During the annual meeting of the international trademark owners association Marques in Vienna, I had the honour and pleasure of giving a presentation on 3D printing and additive manufacturing. After the introductions of Giordano Cardini, Hande Hançer and me, we had a lively panel discussion moderated by Elisabeth Zakl-Buchner. During the session a live 3D printing demo took place on stage printing a small – but infringing – Coca Cola bottle.
3D printing technology is iconic for the ongoing digitization of our society and can shake up supply chains, changing roles and legal paradigms in certain industries.
The technology is already broadly applied in prototyping. But especially for the purpose of customization and personalized products, such as in healthcare but also in consumer products, and small volume or on demand production, this technology is likely to become mainstream. No doubt mass production will continue using previously existing means of production like injection moulding, at least for the coming years. The same probably applies to food, although printing of food may become successful as well.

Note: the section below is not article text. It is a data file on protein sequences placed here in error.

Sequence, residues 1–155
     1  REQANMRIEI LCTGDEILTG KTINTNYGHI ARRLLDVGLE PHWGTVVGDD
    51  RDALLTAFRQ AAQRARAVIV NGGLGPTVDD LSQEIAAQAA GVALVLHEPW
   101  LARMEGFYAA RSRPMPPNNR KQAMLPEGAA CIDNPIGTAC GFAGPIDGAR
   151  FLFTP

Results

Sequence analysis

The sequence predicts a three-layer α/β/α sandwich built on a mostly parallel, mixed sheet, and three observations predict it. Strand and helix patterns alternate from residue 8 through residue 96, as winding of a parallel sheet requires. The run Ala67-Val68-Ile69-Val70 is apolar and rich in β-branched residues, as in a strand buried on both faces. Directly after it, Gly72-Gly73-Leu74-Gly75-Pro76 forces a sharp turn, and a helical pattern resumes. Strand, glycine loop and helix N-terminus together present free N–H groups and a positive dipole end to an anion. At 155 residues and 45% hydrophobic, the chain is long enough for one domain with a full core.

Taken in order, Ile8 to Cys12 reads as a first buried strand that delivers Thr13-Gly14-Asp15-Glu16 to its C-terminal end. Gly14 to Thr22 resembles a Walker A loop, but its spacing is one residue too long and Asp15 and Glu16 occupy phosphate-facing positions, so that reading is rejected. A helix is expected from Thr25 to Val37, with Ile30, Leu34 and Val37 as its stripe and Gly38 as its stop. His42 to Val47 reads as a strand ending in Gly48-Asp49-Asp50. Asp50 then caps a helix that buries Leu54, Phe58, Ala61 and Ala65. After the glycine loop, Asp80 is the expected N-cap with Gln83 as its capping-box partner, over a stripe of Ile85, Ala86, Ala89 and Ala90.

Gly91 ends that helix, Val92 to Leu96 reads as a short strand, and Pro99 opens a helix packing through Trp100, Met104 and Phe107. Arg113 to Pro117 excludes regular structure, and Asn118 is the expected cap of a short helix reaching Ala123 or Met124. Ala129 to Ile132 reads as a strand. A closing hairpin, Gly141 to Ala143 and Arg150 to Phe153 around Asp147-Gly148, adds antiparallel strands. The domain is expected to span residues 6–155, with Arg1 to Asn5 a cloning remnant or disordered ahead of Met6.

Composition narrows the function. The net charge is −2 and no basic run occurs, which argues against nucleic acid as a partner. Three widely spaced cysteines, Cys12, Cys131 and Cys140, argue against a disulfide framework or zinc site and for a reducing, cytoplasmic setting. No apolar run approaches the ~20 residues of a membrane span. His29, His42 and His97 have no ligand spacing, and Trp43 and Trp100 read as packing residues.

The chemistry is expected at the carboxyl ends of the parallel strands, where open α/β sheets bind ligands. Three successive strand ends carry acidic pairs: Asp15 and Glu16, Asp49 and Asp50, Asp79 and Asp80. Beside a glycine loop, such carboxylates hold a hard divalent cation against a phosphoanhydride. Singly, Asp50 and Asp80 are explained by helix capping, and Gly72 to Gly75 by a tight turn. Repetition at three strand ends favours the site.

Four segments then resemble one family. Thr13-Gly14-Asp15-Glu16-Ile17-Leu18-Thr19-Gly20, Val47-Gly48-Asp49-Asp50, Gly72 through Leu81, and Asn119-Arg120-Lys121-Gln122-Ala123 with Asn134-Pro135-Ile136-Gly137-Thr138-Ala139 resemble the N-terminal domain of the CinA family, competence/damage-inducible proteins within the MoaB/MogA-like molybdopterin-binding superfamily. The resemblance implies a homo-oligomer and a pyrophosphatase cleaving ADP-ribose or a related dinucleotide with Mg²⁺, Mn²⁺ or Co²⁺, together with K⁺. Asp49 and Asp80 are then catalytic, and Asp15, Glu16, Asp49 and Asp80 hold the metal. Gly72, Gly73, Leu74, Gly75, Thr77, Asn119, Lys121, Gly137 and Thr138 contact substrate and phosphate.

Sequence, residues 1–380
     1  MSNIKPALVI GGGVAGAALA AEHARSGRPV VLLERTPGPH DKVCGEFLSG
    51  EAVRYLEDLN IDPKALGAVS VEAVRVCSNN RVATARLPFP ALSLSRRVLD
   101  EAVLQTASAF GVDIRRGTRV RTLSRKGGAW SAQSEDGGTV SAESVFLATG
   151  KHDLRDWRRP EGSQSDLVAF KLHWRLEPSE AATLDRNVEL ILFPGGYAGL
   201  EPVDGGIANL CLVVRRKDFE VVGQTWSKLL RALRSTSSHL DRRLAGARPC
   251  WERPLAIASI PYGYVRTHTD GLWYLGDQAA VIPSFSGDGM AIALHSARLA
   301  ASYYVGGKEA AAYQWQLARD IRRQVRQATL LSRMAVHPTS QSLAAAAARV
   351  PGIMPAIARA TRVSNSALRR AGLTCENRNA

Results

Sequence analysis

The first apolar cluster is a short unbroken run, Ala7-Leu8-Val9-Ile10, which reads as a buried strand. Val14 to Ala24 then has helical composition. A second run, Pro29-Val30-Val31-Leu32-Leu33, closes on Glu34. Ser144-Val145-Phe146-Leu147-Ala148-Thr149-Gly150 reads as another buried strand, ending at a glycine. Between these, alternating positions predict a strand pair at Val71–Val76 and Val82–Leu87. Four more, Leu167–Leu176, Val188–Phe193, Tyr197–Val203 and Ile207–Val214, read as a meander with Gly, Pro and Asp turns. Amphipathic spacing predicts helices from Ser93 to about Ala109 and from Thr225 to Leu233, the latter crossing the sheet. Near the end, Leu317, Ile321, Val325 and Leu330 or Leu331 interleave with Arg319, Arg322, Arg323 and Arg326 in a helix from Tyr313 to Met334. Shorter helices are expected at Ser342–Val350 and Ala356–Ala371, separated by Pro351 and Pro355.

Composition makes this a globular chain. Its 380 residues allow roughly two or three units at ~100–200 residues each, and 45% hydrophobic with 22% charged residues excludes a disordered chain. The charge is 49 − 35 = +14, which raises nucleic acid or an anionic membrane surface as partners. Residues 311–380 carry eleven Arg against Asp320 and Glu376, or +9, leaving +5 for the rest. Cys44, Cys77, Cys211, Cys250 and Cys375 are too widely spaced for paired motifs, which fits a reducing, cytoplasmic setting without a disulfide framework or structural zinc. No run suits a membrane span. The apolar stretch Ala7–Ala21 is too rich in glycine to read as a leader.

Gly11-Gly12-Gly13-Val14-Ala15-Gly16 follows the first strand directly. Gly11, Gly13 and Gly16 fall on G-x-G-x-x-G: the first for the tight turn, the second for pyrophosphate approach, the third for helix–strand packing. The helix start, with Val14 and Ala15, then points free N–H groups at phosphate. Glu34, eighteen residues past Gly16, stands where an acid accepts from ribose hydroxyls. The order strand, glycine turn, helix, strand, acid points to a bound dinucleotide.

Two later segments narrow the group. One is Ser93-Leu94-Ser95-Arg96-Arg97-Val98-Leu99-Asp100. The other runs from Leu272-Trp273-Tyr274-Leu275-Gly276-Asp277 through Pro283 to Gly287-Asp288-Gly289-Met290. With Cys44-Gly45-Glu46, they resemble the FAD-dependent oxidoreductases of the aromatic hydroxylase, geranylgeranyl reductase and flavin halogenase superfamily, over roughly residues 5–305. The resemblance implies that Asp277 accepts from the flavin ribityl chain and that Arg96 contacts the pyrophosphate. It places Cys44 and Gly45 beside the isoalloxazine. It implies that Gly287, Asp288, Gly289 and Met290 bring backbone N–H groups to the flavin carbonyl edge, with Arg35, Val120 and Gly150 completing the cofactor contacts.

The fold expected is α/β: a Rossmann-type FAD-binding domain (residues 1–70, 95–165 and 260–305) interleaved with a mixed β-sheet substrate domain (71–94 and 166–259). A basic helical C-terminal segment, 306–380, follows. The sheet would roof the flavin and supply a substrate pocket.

And in heavy and high-tech industry metal printing is gaining importance with the introduction of high-end additive manufacturing machines, like the Metalfab1 of our client Additive Industries this summer.
The technology also introduces new legal concerns, foremost in view of IP, liability and warranty. Also brand owners at least need to be aware of the developments and the potential consequences for their business.
Shift simply happens overnight. Rapid changes are all around, such as Uber, AirBnB and other new models and technologies. So, better reconsider your position and be prepared than being caught by surprise.